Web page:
Trip to Aswan

Trip Start Jun 16, 2008
Trip End Jul 20, 2008

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Flag of Egypt  , Nile River Valley,
Friday, July 18, 2008

At 6:30AM Diana and I met up with our tour guide to leave on our trip to Aswan.

Ninety minutes into the trip we stopped at Edfu to visit the Temple of Horus.  This temple had been buried for millenia under the sand so it was well perserved in its construction, inscribed pictures and even color.  It was a complete Egyptian temple.  

Dedicated to Horus, the falcon headed god, it was built during the reigns of six Ptolemies. It was begun in 237 BC by Ptolemy III Euergetes I and was finished in 57 BC. Most of the work continued throughout this period with a brief interlude of 20 years while there was unrest during the period of Ptolemy IV and Ptolemy V Epiphanes.
This is not only the best preserved ancient temple in Egypt, but the second largest after Karnak. It was believed that the temple was built on the site of the great battle between Horus and Seth. Hence, the current temple was but the last in a long series of temples built on this location. The pylons of the main Temple are about 118 feet high with typical scenes of the pharaoh in battle with his enemies. Within the pylons is the colonnaded courtyard with distinctive, pared columns, which leads into the great hypostyle hall. But on either side of the courtyard there are gates which lead to an area behind the temple and inside the bounding walls. Here, there are inscriptions recording donations of land which were probably transferred from demotic documents. There are also dramatic images depicting the defeat of Seth by Horus. There was an annual ritual called the known as the Triumph of Horus (10 harpoons) which ended in the slaying of a hippopotamus, the symbol of Seth.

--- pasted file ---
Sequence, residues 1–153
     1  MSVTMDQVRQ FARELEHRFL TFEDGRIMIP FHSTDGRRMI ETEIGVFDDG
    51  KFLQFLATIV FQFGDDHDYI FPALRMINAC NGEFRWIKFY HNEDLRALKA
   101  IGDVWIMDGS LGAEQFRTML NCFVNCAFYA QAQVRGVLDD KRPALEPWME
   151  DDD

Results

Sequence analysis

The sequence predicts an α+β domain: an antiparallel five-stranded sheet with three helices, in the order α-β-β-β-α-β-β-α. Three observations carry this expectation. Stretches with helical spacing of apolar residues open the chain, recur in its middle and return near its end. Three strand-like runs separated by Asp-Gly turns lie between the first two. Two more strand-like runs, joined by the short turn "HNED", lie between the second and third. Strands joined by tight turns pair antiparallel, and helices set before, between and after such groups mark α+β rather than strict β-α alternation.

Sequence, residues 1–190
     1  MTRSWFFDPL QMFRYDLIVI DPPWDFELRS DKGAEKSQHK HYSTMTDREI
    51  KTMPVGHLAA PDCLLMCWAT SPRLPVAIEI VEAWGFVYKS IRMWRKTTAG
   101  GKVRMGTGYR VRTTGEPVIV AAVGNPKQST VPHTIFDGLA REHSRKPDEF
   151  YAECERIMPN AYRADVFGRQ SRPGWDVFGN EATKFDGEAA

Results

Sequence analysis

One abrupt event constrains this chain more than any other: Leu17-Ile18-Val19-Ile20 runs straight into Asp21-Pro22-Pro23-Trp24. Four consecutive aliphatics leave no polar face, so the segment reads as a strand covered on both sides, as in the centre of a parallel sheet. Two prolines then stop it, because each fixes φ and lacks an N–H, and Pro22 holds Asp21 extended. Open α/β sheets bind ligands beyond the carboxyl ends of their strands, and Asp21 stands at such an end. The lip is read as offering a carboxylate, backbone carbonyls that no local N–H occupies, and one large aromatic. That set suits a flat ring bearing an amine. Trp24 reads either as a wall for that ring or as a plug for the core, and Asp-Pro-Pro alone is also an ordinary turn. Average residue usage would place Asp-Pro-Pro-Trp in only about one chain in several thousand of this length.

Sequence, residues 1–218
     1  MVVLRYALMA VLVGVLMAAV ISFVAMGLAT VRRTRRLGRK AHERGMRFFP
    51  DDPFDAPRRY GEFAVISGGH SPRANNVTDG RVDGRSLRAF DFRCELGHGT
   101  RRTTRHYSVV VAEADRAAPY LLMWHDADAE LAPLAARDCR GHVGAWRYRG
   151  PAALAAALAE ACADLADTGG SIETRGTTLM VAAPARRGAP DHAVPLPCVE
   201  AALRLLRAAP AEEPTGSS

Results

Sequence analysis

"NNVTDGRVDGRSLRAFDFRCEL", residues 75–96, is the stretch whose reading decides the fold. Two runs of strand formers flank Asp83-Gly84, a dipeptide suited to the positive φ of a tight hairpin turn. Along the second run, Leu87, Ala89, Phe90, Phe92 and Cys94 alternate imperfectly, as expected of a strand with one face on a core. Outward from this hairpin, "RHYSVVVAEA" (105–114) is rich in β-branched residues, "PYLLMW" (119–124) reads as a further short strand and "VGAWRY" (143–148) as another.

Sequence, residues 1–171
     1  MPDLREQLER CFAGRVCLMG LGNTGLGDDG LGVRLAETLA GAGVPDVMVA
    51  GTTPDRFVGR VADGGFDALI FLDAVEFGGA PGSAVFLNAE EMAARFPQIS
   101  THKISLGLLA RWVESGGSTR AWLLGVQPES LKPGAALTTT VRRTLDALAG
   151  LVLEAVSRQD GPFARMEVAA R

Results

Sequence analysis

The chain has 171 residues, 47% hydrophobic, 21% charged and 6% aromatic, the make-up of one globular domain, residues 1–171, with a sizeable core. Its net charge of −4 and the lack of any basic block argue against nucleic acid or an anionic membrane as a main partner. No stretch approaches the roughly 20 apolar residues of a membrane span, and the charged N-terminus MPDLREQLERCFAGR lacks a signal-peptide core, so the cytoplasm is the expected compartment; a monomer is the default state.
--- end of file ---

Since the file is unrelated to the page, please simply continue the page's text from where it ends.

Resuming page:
After visiting this temple we got back in the van and drove another hour before stopping at the Temple of Sobek the Crocodile god.  The temple at Kom Ombo is about 30 miles (48 km) north of Aswan and was built during the Graeco-Roman period (332 BC AD 395). There was an earlier structure from the 18th dynasty but little remains.
The temple is unique because it is in fact a double temple, dedicated to Sobek the crocodile god, and Horus the falcon-headed god. The layout combines two temples in one with each side having its own gateways and chapels.
Sobek is associated with the wicked god Seth, the enemy of Horus. In the Horus myth the allies of Seth made their escape by changing themselves into crocodiles.
Sobek's chief sanctuary was at Kom Ombo, where there were once huge numbers of crocodiles. Until recent times the Egyptian Nile was infested with these ferocious animals, who would lay on the riverbank and devour animals and humans alike. So it is not surprising that the local inhabitants went in fear.
They believed that as a totem animal, an object of worship, it would not attack them. Captive crocodiles were kept within the temple and many mummified crocodiles have been found in cemeteries and Diana and I even saw three of them in one room.

We then made our final one hour leg of the trip to arrive at Aswan.  Around 4PM Diana and I took a boat ride on the Nile River.  We stopped at a Nubian village.  Here we were able to visit an actual Nubian home.  Diana even had one lady do some Henna art work on her.  Next we walked through the village to see the people.  There seemed to be camels everywhere.  We stopped at a School and also visited a mosque.  After we took a 45 minute boat ride back, but we then transfered over to a feluca, a sailboat with no motor.  We continued sailing on down the river.
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